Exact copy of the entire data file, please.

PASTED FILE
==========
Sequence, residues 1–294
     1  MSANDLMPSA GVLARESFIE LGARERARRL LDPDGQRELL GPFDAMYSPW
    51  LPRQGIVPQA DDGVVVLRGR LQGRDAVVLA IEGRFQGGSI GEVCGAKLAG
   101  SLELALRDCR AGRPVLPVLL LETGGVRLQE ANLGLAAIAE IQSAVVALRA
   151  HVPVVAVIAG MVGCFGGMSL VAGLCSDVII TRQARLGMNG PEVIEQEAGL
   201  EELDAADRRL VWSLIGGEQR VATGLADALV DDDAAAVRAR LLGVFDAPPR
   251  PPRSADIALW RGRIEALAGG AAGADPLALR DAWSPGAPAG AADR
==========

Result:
Sequence, residues 1–294
     1  MSANDLMPSA GVLARESFIE LGARERARRL LDPDGQRELL GPFDAMYSPW
    51  LPRQGIVPQA DDGVVVLRGR LQGRDAVVLA IEGRFQGGSI GEVCGAKLAG
   101  SLELALRDCR AGRPVLPVLL LETGGVRLQE ANLGLAAIAE IQSAVVALRA
   151  HVPVVAVIAG MVGCFGGMSL VAGLCSDVII TRQARLGMNG PEVIEQEAGL
   201  EELDAADRRL VWSLIGGEQR VATGLADALV DDDAAAVRAR LLGVFDAPPR
   251  PPRSADIALW RGRIEALAGG AAGADPLALR DAWSPGAPAG AADR